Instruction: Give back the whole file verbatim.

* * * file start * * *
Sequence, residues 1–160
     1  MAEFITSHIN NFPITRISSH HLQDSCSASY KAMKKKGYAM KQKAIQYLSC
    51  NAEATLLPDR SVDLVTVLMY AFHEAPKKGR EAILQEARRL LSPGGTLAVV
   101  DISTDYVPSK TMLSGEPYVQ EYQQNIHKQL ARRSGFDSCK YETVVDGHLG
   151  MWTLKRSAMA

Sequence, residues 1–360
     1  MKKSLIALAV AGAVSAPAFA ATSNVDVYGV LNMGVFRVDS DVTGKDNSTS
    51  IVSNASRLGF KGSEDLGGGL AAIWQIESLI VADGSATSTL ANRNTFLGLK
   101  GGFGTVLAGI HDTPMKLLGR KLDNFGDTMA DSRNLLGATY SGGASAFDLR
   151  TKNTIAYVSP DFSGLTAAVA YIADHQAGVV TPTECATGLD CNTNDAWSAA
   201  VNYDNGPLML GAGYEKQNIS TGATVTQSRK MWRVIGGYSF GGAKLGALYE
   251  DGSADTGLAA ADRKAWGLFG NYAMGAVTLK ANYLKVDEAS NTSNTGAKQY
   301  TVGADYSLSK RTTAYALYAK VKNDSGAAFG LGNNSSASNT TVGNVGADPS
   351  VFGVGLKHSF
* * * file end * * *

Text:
Sequence, residues 1–160
     1  MAEFITSHIN NFPITRISSH HLQDSCSASY KAMKKKGYAM KQKAIQYLSC
    51  NAEATLLPDR SVDLVTVLMY AFHEAPKKGR EAILQEARRL LSPGGTLAVV
   101  DISTDYVPSK TMLSGEPYVQ EYQQNIHKQL ARRSGFDSCK YETVVDGHLG
   151  MWTLKRSAMA

Sequence, residues 1–360
     1  MKKSLIALAV AGAVSAPAFA ATSNVDVYGV LNMGVFRVDS DVTGKDNSTS
    51  IVSNASRLGF KGSEDLGGGL AAIWQIESLI VADGSATSTL ANRNTFLGLK
   101  GGFGTVLAGI HDTPMKLLGR KLDNFGDTMA DSRNLLGATY SGGASAFDLR
   151  TKNTIAYVSP DFSGLTAAVA YIADHQAGVV TPTECATGLD CNTNDAWSAA
   201  VNYDNGPLML GAGYEKQNIS TGATVTQSRK MWRVIGGYSF GGAKLGALYE
   251  DGSADTGLAA ADRKAWGLFG NYAMGAVTLK ANYLKVDEAS NTSNTGAKQY
   301  TVGADYSLSK RTTAYALYAK VKNDSGAAFG LGNNSSASNT TVGNVGADPS
   351  VFGVGLKHSF